Trump Names The Bloodsucking Parasites

As he campaigns in New Hampshire, Trump is amping his rhetoric up a notch and becoming more stridently populist and nationalist:

“In a nearly one-hour speech, Trump railed against pharmaceutical companies. He railed against oil companies. And insurance companies. And defense contractors. And he set himself against a political system that he said allows big-money corporate “bloodsuckers” to control the government with campaign contributions.

“Whether it’s the insurance companies, or the drug companies, or the oil companies, it’s all the same thing,” Trump said. “We’re never going to get our country back if we keep doing this.” …

There were portions of Trump’s Plymouth speech that sounded like Bernie Sanders, if Sanders had Trump’s sense of showmanship. In fact, Trump mentioned Sanders favorably, saying they agree on trade. Trump also said Sanders is correct in his charge that Hillary Clinton is compromised by the big-money contributions she has accepted — a charge the billionaire developer aimed at his Republican rivals as well.

Trump began by discussing Saturday night’s Republican debate. He claimed that instead of students, the hall at St. Anselm’s College was filled with big Republican donors. “I’m looking at the room and I see special interest guys,” Trump said. “That’s why we pay so much.” …

The only way to clear the mess in Washington, Trump argued, is to elect a president who is so rich he doesn’t need anybody’s money. “I think self-funding is a big thing,” Trump said. “I’m the only one that’s self-funding, Democrat or Republican. everyone else is taking from — I call them the bloodsuckers.” …

But all that misses the bigger picture. The man leading the Republican race is doing so on a platform that would blow up the Republican Party as it now exists in Washington. If Trump is bringing new voters into the party, he’s doing it by promising to make the party virtually unrecognizable to its members today. If he were elected president and did what he says he will do — and many, if not most, political insiders cannot get their heads around even that possibility — Trump would be an astonishingly disruptive force in Washington. Of course, that is exactly what his voters want.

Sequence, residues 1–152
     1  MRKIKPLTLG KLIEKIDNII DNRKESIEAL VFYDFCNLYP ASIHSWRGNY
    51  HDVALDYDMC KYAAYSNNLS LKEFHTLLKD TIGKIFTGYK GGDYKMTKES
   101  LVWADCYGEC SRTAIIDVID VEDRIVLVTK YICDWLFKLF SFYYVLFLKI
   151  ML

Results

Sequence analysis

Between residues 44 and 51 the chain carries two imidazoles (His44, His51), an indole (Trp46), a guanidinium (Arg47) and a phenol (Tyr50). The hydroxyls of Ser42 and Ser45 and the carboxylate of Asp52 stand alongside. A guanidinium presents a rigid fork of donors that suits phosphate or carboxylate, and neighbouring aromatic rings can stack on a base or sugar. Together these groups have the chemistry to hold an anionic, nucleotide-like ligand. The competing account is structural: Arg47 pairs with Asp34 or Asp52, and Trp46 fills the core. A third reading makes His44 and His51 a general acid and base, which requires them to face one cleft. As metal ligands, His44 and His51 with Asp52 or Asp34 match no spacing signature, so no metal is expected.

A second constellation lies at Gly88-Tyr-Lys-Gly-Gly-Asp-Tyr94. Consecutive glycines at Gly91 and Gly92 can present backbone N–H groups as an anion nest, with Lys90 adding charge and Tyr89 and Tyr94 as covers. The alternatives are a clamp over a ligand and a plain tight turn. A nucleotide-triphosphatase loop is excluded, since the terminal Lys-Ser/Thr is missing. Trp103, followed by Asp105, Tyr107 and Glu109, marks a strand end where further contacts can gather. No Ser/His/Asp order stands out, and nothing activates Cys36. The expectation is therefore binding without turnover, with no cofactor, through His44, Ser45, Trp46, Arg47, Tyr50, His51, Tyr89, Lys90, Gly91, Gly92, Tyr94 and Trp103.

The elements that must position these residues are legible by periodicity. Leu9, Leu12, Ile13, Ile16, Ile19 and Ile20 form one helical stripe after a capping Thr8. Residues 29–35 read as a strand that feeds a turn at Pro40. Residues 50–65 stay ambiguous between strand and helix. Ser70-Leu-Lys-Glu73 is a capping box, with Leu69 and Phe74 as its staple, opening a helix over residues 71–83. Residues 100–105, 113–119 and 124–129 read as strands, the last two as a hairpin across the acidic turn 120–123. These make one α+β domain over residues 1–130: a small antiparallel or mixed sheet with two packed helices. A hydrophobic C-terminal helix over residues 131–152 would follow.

And despite various reports that Trump is moderating his style and presentation a bit, the fact is, his views remain absolutely radical in a Republican context. That is the Trump who is leading the race in New Hampshire. And the candidate who played “Revolution” a second time as he left.”

RU-B-0 is unacceptable purely for his position on immigration, but even if you have the stomach to look beyond the Gang of Eight bill you would have to swallow his positions on trade and foreign policy and all the big donors circling around him. Even beyond that though, you probably don’t know that RU-B-0 wants to scrap all taxes on interest, dividends, and capital gains from stocks for Wall Street.

Michael Brendan Dougherty points out that the GOP has nothing to offer the White working class. Like RU-B-0, Ted Cruz is an “opportunity conservative” who is cucking the evangelicals to abolish the IRS for his donors. Rod Dreher has two good blog posts on how Republicans signal to the evangelicals in elections only to milk them for their votes and legislate the agenda of the donor class once in office.

Like Ted Cruz and Ben Sasse, Erick Erickson is a puppet of the Club for Growth which exists to milk the evangelicals of their votes in order to get things like tax cuts, free-trade agreements, and deregulation of Big Business.

Update: Jonathan Chait picks up on Trump’s shift away from “true conservatism”:

“One of the important underlying facts of American politics is that rich people tend to have more socially liberal and economically conservative beliefs than the country as a whole. The elite criticism of the structure of party politics usually boils down to demanding that the parties reflect elite beliefs even more closely than they already do. Hence the endless demands for a socially liberal third party that will reduce spending on retirement programs, or the fantasy that America is entering a “libertarian moment.” The truth is just the opposite: The underserved political market is voters who want less libertarianism. They oppose free trade, want to keep every penny of promised Social Security and Medicare, distrust big business, think immigrants hurt the country, and generally distrust the rest of the world. …

The clearest sign of Trump’s intentions is the conscious fashion in which he has tried to co-opt the appeal of Bernie Sanders (who, like Trump, has opened up a populist attack on his party’s consensus). Trump’s argument is that he agrees with Sanders on trade, but only Trump can put his critique into practice …